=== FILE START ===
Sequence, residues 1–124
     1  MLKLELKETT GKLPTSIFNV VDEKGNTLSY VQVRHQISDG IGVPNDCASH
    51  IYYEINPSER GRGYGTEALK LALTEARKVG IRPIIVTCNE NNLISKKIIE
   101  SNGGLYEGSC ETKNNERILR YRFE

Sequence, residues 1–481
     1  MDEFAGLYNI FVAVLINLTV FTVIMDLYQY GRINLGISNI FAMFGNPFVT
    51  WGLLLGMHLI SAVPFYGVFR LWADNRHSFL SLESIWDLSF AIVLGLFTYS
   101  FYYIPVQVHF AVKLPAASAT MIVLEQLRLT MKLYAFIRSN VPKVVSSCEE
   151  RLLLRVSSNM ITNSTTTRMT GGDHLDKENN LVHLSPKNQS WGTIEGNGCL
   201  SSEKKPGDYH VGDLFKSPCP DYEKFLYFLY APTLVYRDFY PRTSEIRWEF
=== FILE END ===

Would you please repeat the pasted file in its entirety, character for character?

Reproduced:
Sequence, residues 1–124
     1  MLKLELKETT GKLPTSIFNV VDEKGNTLSY VQVRHQISDG IGVPNDCASH
    51  IYYEINPSER GRGYGTEALK LALTEARKVG IRPIIVTCNE NNLISKKIIE
   101  SNGGLYEGSC ETKNNERILR YRFE

Sequence, residues 1–481
     1  MDEFAGLYNI FVAVLINLTV FTVIMDLYQY GRINLGISNI FAMFGNPFVT
    51  WGLLLGMHLI SAVPFYGVFR LWADNRHSFL SLESIWDLSF AIVLGLFTYS
   101  FYYIPVQVHF AVKLPAASAT MIVLEQLRLT MKLYAFIRSN VPKVVSSCEE
   151  RLLLRVSSNM ITNSTTTRMT GGDHLDKENN LVHLSPKNQS WGTIEGNGCL
   201  SSEKKPGDYH VGDLFKSPCP DYEKFLYFLY APTLVYRDFY PRTSEIRWEF